Author: Ruth Rendell
Publisher: Open Road Media
A spine-tingling anthology by the New York Times–bestselling author and master of “psychological insight . . . and, not infrequently, teeth-chattering terror” (The New York Times). These never-before-collected stories by Ruth Rendell—the three-time Edgar Award–winning mistress of dark suspense and one of the most celebrated thriller writers of the twentieth century—are “deliciously riveting, all the more so because Rendell’s extraordinary ability to delve coolly and forensically into the dustiest nooks of the human psyche is amplified, not diminished, by the short story form. . . . Often the reader is taken by the throat” (The Guardian). In “The Thief,” a chance encounter with a stranger triggers the most destructive impulses in a vindictive pathological liar. A family shares an unnamable feeling of dread and a necessary denial to make it through the night in “Trebuchet.” In the title story, a caddish boor can’t help but boast of his infidelities. A historic murder weighs heavy on the unholy reputation of a quaint local landmark in “The Haunting of Shawley Rectory.” And in “Never Sleep in a Bed Facing a Mirror,” Rendell delivers a masterstroke of gasp-inducing brevity. Here are tales of mystery, madness, terrible crimes, and chilling perdition, all dispatched with a wit so knife-edged and deviousness, so impeccably cool that it’s little wonder Joyce Carol Oates hails Ruth Rendell as “one of the finest practitioners of her craft.”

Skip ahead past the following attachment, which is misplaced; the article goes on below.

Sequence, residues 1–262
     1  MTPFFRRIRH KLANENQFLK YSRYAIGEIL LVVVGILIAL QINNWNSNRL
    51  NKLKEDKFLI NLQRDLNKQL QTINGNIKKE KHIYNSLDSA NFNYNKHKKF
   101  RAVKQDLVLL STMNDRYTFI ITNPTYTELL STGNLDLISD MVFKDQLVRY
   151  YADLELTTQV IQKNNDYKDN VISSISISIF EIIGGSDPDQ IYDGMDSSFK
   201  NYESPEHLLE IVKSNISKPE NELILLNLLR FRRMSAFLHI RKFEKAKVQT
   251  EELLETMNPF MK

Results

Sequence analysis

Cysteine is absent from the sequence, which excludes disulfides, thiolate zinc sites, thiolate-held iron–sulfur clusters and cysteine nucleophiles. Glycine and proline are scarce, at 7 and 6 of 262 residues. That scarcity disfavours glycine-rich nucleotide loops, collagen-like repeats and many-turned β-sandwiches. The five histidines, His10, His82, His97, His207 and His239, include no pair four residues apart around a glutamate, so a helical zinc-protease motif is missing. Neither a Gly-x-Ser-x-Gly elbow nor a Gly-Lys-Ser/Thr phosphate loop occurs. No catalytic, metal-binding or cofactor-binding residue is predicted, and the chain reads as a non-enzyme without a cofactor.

Author: Jan Karon
In these high, green hills, the air is pure, the village is charming, and the people are generally lovable. Yet Father Tim, the bachelor rector who yearns for something more, suddenly finds he has more than he can handle. His life is turned upside down with the appearance of a very large dog, a charming and attractive new neighbor, and a lovable but unloved boy named Dooley. Seemingly overnight, Father Tim?s quiet life isn?t so quiet. Heartfelt and moving, this is the book where it all began.
Author: Jane Lebak
Three homeless children. Two estranged brothers. One last chance. Kevin Farrell is a jaded police officer who's trying to save three homeless children, but it's three nights before Christmas, and the only one he can ask for help is his brother, a disabled priest. The catch? He and his brother have been estranged because after all the evil he's seen, Kevin cannot believe in God. Only now, to save these homeless kids, with temperatures below zero and falling, Kevin knows it's going to take both him and his brother working together, if only they can mend the breach between them.